"So I yelled at Felix, 'Next time, bring that up and I'll hit it out.' I never turned and faced the umpire. But he thought I was yelling at him, so he threw me out of the game."
The umpire probably didn't realize at the time that he was witnessing one of baseball's longest-running and most-amusing "feuds" in the big leagues, one that has all the subtlety of a sandlot game in Diamond Hill, White Settlement or Flower Mound.
Beltre and Hernandez are close friends, and they have great respect for each other. But they are also over the top when it comes to talking "smack" to each other. They'll do it by phone, by text message or by yelling at each other during batting practice when both teams are out on the field.
But unlike most opponents, they keep up the steady flow of smack during the course of a game. Last year in Seattle, Hernandez yelled that he would "dance on the mound" when he struck out Beltre with his changeup. Beltre responded by screaming from the Rangers dugout he would just "spit" on the pitch. The two former Mariners teammates love it.
"It starts months before we play, weeks before we play, the day before the game," Beltre said. "We're always talking smack, sending each other text messages and stuff."
The rivalry will be renewed again this week when the Rangers host the Mariners for a three-game series at Rangers Ballpark. Hernandez is scheduled to pitch on Wednesday, so he and Beltre have two days to get the smack pot boiling.
"He's a guy I really respect," Beltre said. "We played together and he's a really good friend. We have a competition of what we're going to do to each other. He wants to strike me out and I want to take him deep. I know how competitive he is and he knows how I am. Whatever the result is, we get together after that game and talk about it.
"It makes the game a little more fun."
It's hard to say who has had the upper hand to this point. Beltre is 7-for-22 (.318) with one home run off of Hernandez. But he has also struck out six times. The only home run came on Sept. 18, 2011, in the Rangers' 3-0 victory.
"Yeah, one home run," Hernandez said. "It was an 0-2 count, I was trying to go in and he crushed that ball. He was yelling at me the whole way around the base, the whole time. I could not look at him, because I was going to start laughing. But when I get him out, I get him back, for sure. If he hits a fly ball, I just yell pretty loud. And he'll say, 'C'mon man.' It's awesome."
Their friendship goes back to 2005. Beltre had just signed a five-year contract to play for the Mariners and Hernandez was an 18-year-old highly-regarded rookie. Beltre was coming off his best season with the Dodgers, having led the National League in home runs and was the kind of person that young players gravitate toward easily.
"I first met him at my first Spring Training in 2005," Hernandez said. "He was a great guy, a great teammate. A tough guy. He's as tough a guy as I've ever seen playing. He could be hurt with anything and he'd still be in the lineup, playing unbelievable defense. He's just a great guy.
"It was Jose Lopez, Yuni [Betancourt] and I, we just always hung out with Belly. And Belly was always talking to us about what we should do and what we weren't supposed to do. He was a guy who helped a lot."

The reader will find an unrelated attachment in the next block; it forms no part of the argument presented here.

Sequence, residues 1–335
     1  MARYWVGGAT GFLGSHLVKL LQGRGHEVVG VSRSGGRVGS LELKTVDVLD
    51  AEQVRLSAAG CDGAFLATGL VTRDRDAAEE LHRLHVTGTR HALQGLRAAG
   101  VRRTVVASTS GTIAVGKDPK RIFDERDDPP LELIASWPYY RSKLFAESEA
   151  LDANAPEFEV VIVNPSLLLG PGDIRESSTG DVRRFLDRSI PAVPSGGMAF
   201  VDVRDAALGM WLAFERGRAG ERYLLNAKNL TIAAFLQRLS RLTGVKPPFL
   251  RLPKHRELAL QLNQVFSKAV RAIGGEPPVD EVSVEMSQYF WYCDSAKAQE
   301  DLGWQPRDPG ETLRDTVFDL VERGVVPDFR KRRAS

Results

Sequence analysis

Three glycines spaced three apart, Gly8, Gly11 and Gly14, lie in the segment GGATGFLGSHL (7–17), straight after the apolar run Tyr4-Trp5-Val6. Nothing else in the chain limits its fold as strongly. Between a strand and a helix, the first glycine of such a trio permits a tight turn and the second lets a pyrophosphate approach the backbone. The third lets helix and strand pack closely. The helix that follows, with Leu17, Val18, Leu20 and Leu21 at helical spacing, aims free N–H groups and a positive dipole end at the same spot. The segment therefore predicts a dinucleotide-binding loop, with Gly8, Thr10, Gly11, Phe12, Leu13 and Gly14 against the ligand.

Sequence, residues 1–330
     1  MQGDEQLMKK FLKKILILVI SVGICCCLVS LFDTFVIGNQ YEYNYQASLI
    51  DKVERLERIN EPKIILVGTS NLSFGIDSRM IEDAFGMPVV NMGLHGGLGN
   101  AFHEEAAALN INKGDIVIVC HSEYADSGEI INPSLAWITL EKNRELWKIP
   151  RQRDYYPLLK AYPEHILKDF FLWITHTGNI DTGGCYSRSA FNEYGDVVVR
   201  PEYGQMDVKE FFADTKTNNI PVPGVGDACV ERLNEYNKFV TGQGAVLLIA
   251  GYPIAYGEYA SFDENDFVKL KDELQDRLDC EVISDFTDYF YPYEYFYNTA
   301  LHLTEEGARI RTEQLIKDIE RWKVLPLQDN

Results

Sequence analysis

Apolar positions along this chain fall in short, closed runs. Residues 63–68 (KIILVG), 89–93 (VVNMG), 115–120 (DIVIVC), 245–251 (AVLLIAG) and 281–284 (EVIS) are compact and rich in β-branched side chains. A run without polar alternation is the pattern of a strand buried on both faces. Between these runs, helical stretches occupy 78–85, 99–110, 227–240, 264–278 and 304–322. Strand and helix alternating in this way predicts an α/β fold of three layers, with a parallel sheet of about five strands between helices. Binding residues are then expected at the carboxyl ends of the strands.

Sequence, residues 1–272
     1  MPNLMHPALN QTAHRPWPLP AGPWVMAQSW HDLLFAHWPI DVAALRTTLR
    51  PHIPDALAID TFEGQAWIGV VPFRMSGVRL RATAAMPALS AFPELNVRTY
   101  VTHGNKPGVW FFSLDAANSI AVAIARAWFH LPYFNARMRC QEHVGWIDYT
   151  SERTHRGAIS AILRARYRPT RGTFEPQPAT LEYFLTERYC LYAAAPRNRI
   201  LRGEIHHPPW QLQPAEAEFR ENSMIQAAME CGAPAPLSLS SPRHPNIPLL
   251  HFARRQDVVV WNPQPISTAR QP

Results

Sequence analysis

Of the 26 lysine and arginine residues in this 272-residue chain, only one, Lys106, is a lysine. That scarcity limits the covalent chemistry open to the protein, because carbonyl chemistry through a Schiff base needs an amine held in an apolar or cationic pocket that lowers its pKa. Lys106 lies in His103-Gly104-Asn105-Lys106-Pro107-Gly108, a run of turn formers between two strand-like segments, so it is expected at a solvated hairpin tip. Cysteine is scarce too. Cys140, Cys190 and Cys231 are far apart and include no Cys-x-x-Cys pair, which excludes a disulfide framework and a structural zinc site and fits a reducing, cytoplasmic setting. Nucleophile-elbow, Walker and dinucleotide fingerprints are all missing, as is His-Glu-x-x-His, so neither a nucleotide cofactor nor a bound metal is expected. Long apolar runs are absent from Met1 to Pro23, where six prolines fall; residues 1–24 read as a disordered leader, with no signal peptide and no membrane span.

Said Beltre, "He reminded me of myself. He is a hard worker and wants to be the best. I did everything I could to help him, but he really works hard to be the best."
The "feud" really got started when Beltre left the Mariners to play for the Red Sox, but that was for just one season in limited engagements. Beltre then signed a six-year deal with the Rangers in 2011, putting him in the same division as Hernandez. Now he has the potential of facing Hernandez 4-6 times a year, depending on the state of the Mariners rotation.
"We always have fun," Hernandez said. "It's always a battle. I'm just always trying to strike him out and he's always trying to hit a homer against me. If he hits a homer, he's probably going to be running around backward. If I strike him out, I'll do something else. That's what we talk about every time. It's awesome. It's awesome to face him."
There's not many pitchers who would willingly say that about Beltre, any more than there are hitters who say it's "awesome" to face Hernandez. But the competitive nature of these two not only stokes their own rivalry, but it is a main reason why both players carry immense respect around the league.
"Beltre is a pro's pro," said Indians manager Terry Francona, who managed Beltre during his one season in Boston. "The only way to really aggravate him is to tell him he's not playing. That really aggravates him, and that's a compliment. Guys look up to him, they respect him. It's hard not to. He's a great kid and he plays the game right. It's not so much fun when you're playing against him. But when you have him on your club, he's what you're looking for."
If Hernandez loses to the Rangers on Wednesday, it will be his 19th loss against them, the most ever by an opponent. But that doesn't lessen the respect the Rangers have for Hernandez, especially manager Ron Washington. He often refers to Hernandez by his nickname of "King Felix."
"I love his competitive spirit," Washington said. "I love the way he competes. It's unfortunate that he pitches for a team that's had a hard time putting runs on the board, but this guy still competes. You never hear one excuse coming out of the Northwest or complaint about run support.
"He's more of an old-school pitcher. If the team gets him two runs, he's going to make it stand. If the team gets him one run, he's going to make it stand. The King may not always have his best stuff, but he always figures out a way to stay in the ballgame."
Hernandez loves being in a ballgame, especially when Beltre is in the opposing lineup. The feud resumes on Wednesday.